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A forum to talk about Olympic style shooting, rifle or pistol, 10 meters to 50 meters, and whatever is in between. Hosted by Pilkguns.com
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PostPosted: Sat Aug 12, 2017 9:35 pm 
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Is this 1911 series 80 platform used in bullseye 45's at all?


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PostPosted: Sat Aug 12, 2017 9:57 pm 
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Joined: Fri Jun 28, 2013 2:13 pm
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Yes. They aren't preferred because quality can be substandard on some; machining tolerances, loose frame/slide. The series 80 firing pin block really isn't a big deal. A good gunsmith can make it feel like it doesn't exist. I've shot 880's with series 80 in the past when I had one. They can be built as good as anything out there but can be extra work for the gunsmith.
Jon


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PostPosted: Sun Sep 03, 2017 10:57 am 
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Joined: Mon May 28, 2012 7:24 am
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Location: Zephyrhills, FL
I had a Series 80 Colt Gold Cup. The trigger worked just fine. Sometimes I think this is a mental issue. You know it's there, someone told you it's a problem, so your mind works against you. If you are an accomplished BE shooter, you can do just as well with the crappiest trigger around.


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PostPosted: Thu Sep 07, 2017 11:25 pm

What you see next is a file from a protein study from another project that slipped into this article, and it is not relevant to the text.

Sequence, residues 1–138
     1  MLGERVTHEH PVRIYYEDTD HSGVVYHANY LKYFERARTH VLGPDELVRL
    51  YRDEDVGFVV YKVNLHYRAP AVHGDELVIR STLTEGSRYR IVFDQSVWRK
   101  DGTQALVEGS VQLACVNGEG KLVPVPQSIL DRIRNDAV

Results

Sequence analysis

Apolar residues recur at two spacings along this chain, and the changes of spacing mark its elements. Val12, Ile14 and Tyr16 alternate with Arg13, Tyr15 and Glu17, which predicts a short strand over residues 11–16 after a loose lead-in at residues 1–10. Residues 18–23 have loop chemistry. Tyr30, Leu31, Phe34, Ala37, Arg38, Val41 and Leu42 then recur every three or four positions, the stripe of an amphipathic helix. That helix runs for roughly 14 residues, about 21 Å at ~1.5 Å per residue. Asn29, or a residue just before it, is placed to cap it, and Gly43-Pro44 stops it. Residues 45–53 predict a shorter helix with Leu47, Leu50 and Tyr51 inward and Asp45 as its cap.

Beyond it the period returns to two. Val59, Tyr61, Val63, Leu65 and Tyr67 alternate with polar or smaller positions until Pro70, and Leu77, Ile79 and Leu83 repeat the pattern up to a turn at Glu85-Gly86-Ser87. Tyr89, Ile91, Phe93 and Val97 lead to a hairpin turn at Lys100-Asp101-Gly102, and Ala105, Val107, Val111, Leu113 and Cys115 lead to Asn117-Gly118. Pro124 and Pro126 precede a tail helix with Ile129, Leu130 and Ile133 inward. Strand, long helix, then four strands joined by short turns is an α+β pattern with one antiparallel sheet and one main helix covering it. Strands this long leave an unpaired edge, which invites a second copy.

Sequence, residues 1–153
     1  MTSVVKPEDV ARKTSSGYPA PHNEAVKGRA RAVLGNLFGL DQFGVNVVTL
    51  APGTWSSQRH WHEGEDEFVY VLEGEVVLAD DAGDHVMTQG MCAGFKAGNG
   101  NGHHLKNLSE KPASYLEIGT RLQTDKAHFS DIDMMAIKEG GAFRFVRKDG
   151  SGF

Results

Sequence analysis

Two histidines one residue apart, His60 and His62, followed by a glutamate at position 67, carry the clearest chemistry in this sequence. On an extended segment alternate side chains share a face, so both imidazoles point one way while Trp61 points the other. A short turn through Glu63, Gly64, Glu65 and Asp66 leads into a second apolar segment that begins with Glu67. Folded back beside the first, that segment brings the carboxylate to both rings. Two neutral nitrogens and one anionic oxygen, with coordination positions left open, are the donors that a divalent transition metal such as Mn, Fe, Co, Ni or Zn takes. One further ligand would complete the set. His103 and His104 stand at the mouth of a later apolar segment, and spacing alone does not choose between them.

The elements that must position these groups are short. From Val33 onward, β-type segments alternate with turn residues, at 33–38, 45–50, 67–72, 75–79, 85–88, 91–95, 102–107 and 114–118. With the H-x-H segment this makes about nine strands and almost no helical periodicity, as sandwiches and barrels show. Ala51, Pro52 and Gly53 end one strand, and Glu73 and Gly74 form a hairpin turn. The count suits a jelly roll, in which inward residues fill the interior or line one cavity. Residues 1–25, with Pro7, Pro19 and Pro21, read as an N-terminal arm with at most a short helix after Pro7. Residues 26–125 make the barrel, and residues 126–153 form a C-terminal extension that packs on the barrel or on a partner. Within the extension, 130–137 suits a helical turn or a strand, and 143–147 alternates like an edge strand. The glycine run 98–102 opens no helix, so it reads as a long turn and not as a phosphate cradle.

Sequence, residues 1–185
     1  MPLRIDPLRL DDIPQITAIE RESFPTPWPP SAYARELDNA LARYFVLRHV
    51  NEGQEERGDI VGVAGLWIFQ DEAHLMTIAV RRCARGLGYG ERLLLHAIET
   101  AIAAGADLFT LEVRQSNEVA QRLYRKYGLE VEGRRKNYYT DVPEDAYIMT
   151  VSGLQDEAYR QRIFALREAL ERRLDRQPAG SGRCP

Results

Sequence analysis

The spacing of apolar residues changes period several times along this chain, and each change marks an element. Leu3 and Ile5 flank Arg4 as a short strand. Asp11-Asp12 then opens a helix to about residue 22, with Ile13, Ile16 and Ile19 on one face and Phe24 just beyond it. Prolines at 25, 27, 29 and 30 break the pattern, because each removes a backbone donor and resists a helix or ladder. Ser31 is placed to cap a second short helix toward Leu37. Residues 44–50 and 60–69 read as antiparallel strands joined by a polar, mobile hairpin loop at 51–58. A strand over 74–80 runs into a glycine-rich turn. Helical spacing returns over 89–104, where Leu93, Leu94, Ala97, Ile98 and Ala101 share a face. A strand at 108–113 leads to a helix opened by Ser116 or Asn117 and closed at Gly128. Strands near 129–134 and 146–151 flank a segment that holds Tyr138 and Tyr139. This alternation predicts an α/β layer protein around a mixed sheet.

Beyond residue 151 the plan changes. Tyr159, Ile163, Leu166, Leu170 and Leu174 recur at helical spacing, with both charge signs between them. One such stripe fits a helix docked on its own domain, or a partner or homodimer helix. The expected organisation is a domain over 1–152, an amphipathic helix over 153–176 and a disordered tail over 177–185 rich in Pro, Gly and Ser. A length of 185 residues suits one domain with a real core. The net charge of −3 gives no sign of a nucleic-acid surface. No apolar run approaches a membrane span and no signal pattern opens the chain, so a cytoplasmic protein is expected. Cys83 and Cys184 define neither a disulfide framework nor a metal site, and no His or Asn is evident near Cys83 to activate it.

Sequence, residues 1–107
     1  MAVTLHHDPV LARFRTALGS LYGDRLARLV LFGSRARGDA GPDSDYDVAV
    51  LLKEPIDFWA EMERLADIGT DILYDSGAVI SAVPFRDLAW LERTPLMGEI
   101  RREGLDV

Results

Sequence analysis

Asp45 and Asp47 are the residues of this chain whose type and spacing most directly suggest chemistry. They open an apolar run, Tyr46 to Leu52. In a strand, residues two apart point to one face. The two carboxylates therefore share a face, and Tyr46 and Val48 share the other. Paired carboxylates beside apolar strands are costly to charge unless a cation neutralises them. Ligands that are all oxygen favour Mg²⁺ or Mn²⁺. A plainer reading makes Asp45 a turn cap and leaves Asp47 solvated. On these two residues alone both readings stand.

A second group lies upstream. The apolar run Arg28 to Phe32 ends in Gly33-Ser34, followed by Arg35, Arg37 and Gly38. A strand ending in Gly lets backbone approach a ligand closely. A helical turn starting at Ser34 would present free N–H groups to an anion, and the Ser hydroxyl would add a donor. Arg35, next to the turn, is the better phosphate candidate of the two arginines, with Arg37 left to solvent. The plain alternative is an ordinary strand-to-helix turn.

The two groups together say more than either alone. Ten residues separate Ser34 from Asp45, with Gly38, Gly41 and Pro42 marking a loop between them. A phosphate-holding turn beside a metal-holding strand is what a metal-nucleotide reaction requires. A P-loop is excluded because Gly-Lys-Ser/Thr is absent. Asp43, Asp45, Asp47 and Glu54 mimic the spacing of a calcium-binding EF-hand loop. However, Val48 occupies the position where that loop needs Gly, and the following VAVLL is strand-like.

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A High Master BE shooter would choose a marginally accurate pistol with an outstanding trigger over the most accurate pistol with a crappy trigger! Trigger is practically everything.
Jon


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PostPosted: Fri Sep 08, 2017 7:12 am 
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Joined: Thu Jun 20, 2013 8:11 pm
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Location: Tennessee
I shot a Series 80 for a long time when I first started shooting BE. The gun was built by Clark Guns and shot very well. The trigger on the gum was very good and I doubt that most people could tell it was a series 80 by the feel of the trigger. It was a little more of a pain to clean if you stripped out the mechanism until you remembered what the assembly sequence was for the firing pin block. After learning that it is no more trouble than any other 1911.

_________________
RGw